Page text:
We have a unique perspective that others don’t see when it comes to marketing to Active Aging consumers and the tremendous opportunities that exist in doing so.
Below are some examples of our thinking.
Almost anything that is overtly designed or marketed for a “traditional” old person is destined for failure. It’s the kiss of death as many older consumers would rather forgo convenience and functionality (and even security) for dignity.
A number of Active Agers are also amassing a large and loyal following and a growing influence that rivals or surpasses many millennial stars of social media – and brands are taking notice.
Recently, I started to empty or “unbucket” my ever-growing list of items by doing something that I have always wanted to do but never had the guts or right moment to do. I went skydiving!
To celebrate my birthday, my wife and son got me a few gifts to enable me to break some of those stereotypes associated with aging. I loved them all, but my favorite is an experience I’ll be soon enjoying on the coast of Maine. It’s something I have always wanted to do but have never gotten around to it. You guessed it, I am going SKYDIVING!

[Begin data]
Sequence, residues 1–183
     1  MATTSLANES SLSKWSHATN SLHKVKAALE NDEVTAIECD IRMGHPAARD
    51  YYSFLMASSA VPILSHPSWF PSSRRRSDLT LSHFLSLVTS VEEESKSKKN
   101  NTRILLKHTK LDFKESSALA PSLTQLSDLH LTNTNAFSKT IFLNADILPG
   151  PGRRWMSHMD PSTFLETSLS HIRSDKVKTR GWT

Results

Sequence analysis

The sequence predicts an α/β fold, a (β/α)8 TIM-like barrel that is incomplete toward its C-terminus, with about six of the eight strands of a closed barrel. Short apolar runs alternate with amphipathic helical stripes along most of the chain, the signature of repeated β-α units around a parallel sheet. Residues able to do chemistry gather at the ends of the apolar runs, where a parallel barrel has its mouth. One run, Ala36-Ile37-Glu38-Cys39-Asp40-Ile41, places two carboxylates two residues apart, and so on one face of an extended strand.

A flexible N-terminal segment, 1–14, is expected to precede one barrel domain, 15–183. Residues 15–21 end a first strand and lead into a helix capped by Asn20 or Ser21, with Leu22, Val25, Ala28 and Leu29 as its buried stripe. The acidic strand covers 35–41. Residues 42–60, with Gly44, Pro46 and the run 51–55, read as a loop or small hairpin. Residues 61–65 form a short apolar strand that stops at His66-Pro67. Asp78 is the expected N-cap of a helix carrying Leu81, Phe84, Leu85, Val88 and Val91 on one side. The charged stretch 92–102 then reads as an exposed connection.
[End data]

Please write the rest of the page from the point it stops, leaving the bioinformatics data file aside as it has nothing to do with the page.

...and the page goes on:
There is another form of FOMO that is much different, yet with equally widespread effects. The new FOMO I am witnessing on a frequent basis is the Fear of Marketing Older. Although we have uncovered several reasons why businesses and marketers are largely ignoring Active Aging consumers, in my mind FOMO is the one that represents the largest barrier.
Many brands have begun embracing all shapes, sizes, colours, sexual orientations, and gender identities. Can we say the same progress is being made in marketing against our older counterparts?
When I went to bed last night, I felt fully prepared to face a new life with all the limitations and barriers that society says we’ll face when we are old. Today is the big day. Today is my 55th birthday. But a funny thing happened when I woke up today… Nothing had changed
In my last month of being 54, I am more excited than ever about my future. I am working harder than I ever have in my 30+ year career and I am more invigorated than I have ever been. I can no longer offer a timeframe of if and when I will retire, especially since I am a firm believer that we have entered a new age of “rewirement”.
Recently I have been introduced to a relatively new game known as “Pickleball”. What is Pickleball? For those of you who aren’t familiar with it, Pickleball is a sport played on a badminton-sized court with the net set to a height of 34 inches at the center.
When it comes to discussing design for an aging population, conversations like this tend to drift towards the limitations that come with aging. These ‘design for seniors’ discussions typically touch on issues affecting vision and hearing, motor control, memory and cognition.
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